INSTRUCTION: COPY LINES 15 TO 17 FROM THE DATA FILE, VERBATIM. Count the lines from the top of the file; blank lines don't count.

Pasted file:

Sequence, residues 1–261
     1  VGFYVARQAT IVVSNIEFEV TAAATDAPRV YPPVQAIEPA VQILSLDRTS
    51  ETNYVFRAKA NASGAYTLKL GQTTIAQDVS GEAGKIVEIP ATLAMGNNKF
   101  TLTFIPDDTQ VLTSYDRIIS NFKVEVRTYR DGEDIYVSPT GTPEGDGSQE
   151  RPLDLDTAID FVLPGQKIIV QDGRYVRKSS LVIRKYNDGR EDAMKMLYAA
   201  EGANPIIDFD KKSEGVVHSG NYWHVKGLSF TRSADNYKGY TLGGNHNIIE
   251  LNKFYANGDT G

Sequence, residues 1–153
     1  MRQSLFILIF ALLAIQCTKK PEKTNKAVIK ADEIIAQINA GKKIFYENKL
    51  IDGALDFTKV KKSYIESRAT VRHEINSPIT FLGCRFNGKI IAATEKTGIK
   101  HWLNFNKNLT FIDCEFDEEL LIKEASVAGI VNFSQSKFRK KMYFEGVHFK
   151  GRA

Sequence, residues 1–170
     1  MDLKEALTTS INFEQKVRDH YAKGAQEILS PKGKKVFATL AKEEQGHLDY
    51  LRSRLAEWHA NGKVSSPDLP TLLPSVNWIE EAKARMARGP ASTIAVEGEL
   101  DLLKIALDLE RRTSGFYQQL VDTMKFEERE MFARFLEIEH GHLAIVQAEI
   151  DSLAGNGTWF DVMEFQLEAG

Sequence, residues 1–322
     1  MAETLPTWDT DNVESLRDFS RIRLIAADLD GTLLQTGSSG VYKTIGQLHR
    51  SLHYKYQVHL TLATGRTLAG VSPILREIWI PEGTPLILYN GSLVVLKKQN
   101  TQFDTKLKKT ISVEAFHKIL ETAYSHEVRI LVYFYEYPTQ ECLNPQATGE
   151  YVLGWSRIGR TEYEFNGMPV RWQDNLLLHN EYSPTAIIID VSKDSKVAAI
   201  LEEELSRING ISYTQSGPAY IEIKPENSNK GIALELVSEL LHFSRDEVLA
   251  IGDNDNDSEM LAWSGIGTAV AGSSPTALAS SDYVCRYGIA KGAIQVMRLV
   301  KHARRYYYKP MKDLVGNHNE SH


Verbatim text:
    51  LRSRLAEWHA NGKVSSPDLP TLLPSVNWIE EAKARMARGP ASTIAVEGEL
   101  DLLKIALDLE RRTSGFYQQL VDTMKFEERE MFARFLEIEH GHLAIVQAEI
   151  DSLAGNGTWF DVMEFQLEAG